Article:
One of the points of A Mother’s Disgrace was that, not knowing your biological parents, you largely fashion yourself. And perhaps the ‘self-fashioner’ does indeed resort to reinventing himself or herself indefinitely in bursts. A memoir, after all, is a focused piece of reminiscence and cogitation, it has a bright, sharply delineated centre (an encounter, a love affair) and shadowy borders—me having a heart attack, for example, in the case of What Days Are For. Ideally, from a French point of view, a memoir, should contain at least one sensational incident (a cardinal caught in a brothel, for instance) and scurrilous innuendo, but these days it’s hardly worth trying to épater les bourgeois, so I aim for outlandish flourishes rather than scandalous ones.
Many of my books are indeed public conversations with myself about something that’s been agitating me—in the latest book, how to grow old well, in The Pleasures of Leisure, India, among other things. Writing each book certainly puts my thoughts in order (particularly about religion, friendship, my sexual life, time, why I love to travel and how to live in the face of death), but I doubt it has resolved anything. I hope not.
You moved to Hobart in your late 50s, mirroring many Australian writers who have moved away from the big twin cities of Melbourne and Sydney. How has living in a smaller town shaped your writing and, more broadly, your life?
On reflection, I don’t think living in a smaller town at the end of the earth has shaped my writing much, if at all. Each of my books opens or soon travels to somewhere far away (Cairo, Italy, Algiers, India, Java, Russia, or at the very least, Sydney) and then I start coming home. It’s quite Odyssean in that sense. I don’t really write much about ‘home’ itself —a few words about my partner and the dog (following in Homer’s footsteps), but not much else. I am at home in Hobart – I don’t want also to write about it. Nothing happens at home—that’s what we like about it. What interests me when I write is the unhoused self and what it gets up to.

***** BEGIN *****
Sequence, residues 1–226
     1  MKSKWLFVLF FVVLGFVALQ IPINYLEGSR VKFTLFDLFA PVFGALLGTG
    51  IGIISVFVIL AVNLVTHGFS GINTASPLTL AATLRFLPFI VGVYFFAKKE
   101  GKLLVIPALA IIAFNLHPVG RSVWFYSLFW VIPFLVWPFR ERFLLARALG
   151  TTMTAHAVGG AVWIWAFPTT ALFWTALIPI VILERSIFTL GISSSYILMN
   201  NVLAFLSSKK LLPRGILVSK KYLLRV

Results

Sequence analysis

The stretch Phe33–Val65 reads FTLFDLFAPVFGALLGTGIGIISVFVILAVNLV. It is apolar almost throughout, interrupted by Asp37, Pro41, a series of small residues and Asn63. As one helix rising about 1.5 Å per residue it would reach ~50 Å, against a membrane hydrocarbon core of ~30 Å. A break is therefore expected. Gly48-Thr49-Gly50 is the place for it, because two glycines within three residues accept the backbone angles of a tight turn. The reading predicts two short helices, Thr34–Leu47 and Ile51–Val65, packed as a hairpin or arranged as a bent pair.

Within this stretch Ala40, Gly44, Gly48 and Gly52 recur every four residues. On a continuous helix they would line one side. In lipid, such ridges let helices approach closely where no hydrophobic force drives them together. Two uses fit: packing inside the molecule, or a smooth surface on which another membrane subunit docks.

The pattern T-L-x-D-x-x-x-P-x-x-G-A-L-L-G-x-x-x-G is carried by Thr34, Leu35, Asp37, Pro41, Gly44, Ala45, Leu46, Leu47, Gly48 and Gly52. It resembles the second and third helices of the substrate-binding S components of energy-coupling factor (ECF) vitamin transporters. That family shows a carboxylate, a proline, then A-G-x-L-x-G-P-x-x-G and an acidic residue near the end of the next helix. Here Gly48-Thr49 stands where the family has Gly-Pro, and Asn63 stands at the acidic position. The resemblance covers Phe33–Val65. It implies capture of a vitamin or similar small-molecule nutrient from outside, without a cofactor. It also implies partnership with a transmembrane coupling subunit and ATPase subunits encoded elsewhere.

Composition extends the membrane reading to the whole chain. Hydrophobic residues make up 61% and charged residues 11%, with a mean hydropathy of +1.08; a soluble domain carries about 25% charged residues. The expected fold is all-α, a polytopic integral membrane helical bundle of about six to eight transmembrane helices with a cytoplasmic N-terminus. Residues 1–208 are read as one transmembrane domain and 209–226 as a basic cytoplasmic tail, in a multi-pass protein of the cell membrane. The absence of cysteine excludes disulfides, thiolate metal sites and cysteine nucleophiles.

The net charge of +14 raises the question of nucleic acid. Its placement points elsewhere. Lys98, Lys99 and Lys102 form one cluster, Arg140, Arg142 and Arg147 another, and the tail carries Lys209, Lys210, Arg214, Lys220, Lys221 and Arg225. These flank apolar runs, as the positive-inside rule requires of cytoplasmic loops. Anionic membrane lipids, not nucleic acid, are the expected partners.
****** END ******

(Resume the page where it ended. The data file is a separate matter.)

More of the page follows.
I doubt that moving to Hobart at such a late stage has reshaped my life radically, either—it should have, but it hasn’t. It was primary school that profoundly reshaped my life (not high school or university), along with a change in sexual orientation, not Hobart. I like living in a big village, it feels just right now that I’m older, daily life is less competitive, less look-at-me, than it is in the city (which is still fun for half a day occasionally on the way to Asia). I enjoy living well in beautiful surroundings without being wealthy, and I see the natural world more clearly now than I ever did, from close up—I see the sky for the first time, for instance—and, living part of the time deep in the bush, I feel more rounded, but I moved here too late for any fundamental transfiguring of the self.
You’ve written about and expressed the importance of having had a good day. What is a good day to you?
What indeed … and what an excellent question. It puts me on the spot. You can easily be high-minded about a ‘good life’, but a ‘good day’ is much more down to earth, and, as you age and your horizons narrow, of more immediate concern.
The short answer, which I hint at in The Time of Our Lives, is a Ganesha day—that is, a dancing day, a playful day, a day with some ancient roots to take pleasure in, a contented day with bursts of happiness.
A longer answer, bearing in mind my previous book, The Pleasures of Leisure, is a day that is in part made up of doing nothing (contemplation, sitting looking about, reading, listening), in part devoted to nesting (housekeeping, cooking—going to the tip is best, but you can’t do that every day), and in part given over to play (taking a tango lesson, learning Indonesian, exploring Darjeeling—some might add football or an affair). Covering these three bases makes you feel richly human, it makes you feel you’re in flower. If you can also discover something new—a new best friend, a new kind of orchid—before drowsiness sets in, it’s an almost perfect day.
Complete contentment is obviously impossible while others are suffering, but eruptions of happiness are usually within our grasp.
Don’t miss Robert Dessaix in conversation this Wednesday 7 October, 6.30pm via Zoom.
The Time of Our Lives is available online at readings.com.au